Jacob had never been so scared in his entire life.
The girl had been unable to say anything – both of them had duct tape over their mouths, and their hands were tied tight behind them – but she had gazed into his eyes so steadily that he had been able to calm down, and to believe that maybe there was a way out of this.
He had never seen the men before, or their van. He didn’t understand why they had grabbed him. He had tried to get away, but they were so much bigger than him, and no one was anywhere around to hear him screaming.
But once they had tossed him into the van, he saw the girl there – she was a grown-up girl. She was tied up too, and her face was white like a ghost, but she kept looking at him and she didn’t seem scared, at least not as scared as he was.
The men were driving the van and weren’t looking into the back where Jacob and the girl were. The girl began looking toward the back doors of the van and then back at Jacob. He realized she was telling him that they could get out those doors. How? he wondered. We can’t move very fast. They’ll see us moving.
But the girl was bigger than him – taller. Her longer legs swung out all of a sudden and kicked at the back doors. On the second kick, her foot hit the paddle that released the doors, and they swung open.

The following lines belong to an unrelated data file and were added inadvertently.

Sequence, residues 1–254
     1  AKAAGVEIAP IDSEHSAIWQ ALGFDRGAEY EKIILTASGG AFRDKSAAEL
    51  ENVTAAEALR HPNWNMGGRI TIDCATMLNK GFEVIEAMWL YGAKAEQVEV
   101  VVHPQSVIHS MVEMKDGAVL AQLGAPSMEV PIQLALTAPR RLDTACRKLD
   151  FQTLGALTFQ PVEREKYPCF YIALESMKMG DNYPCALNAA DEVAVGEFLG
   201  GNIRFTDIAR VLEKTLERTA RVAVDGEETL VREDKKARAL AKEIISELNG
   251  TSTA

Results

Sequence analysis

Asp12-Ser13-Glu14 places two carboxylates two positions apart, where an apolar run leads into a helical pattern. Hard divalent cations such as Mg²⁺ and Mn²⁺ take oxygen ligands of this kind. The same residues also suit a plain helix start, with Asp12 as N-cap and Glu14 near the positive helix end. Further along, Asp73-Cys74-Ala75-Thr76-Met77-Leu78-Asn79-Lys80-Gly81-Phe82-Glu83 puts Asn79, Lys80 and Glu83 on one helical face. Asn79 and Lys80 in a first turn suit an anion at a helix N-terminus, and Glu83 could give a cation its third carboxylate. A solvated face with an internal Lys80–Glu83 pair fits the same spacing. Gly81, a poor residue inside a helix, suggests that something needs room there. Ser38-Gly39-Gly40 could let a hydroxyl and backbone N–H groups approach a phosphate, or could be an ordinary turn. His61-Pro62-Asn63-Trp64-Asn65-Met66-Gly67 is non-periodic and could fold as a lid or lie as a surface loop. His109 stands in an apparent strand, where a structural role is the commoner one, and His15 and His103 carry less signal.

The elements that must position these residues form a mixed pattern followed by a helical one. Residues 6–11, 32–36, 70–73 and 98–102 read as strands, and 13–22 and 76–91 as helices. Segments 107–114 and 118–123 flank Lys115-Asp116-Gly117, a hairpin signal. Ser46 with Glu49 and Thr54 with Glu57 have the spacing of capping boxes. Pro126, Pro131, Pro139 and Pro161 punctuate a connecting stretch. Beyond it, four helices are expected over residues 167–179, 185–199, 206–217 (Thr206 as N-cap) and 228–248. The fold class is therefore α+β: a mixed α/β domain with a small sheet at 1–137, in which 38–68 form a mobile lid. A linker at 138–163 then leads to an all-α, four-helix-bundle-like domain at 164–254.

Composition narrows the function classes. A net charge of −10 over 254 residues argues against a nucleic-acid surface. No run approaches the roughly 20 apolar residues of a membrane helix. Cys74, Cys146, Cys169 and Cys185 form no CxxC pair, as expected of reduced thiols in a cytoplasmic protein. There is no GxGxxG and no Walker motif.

The man driving the van slammed on the brakes, and the van slowed nearly to a stop. The girl pivoted back on one hip, hooked one leg around Jacob, and pulled him toward her. She wrapped both legs around him then, and rolled with him to the back of the van. Jacob panicked for a moment when she rolled over the top of him, because it pushed all of the air out of his lungs, but he clamped his ankles around hers and tried to roll with her.
They tumbled out of the back of the van, and the girl scrambled to her feet. “Nnnggh!” she cried out, her voice muffled by the layers of tape. Her head was bobbing forward, and Jacob understood that she wanted him to run away.
The men had jumped out of the van.
“Ggunnggggh!” the girl screamed through the tape. Jacob burst into tears and began running as fast as his legs would carry him. Behind him, he heard the girl’s muffled voice screaming; he didn’t hear her running behind him.
The van doors slammed, and Jacob heard it drive away. He wanted to look behind him, to see where the van was, or where the men were, or where the girl was. But he just kept running, until he couldn’t drag enough air in and out of his nose to keep him going. He collapsed onto grass, and cried, and tried and wriggle his wrists out of the restraints.
He heard more doors slamming, and for a horrible second he thought the van had found him. But it was other people – good people – coming to help him.
A woman knelt down beside him and began tugging at the cords around his wrists. “It’s okay,” the woman kept saying. She pulled the tape away from his mouth. “What happened?” she asked him but didn’t wait for him to answer. “It’s okay. It’ll be okay.”
“The girl!” he cried when he had caught his breath. “They still have the girl!” He began sobbing. “She saved me! We have to get her!” He repeated this over and over, giving few other details, until police and an ambulance arrived, and bundled him off to the hospital.
“What’s your name, sweetheart?” a policewoman asked him, pushing his hair gently away from his face. “Do you know your family’s phone number?”
“Jacob,” he said, still crying. “We have to get the girl! They still have the girl!”
He wouldn’t let them forget about her. He wouldn’t forget about her.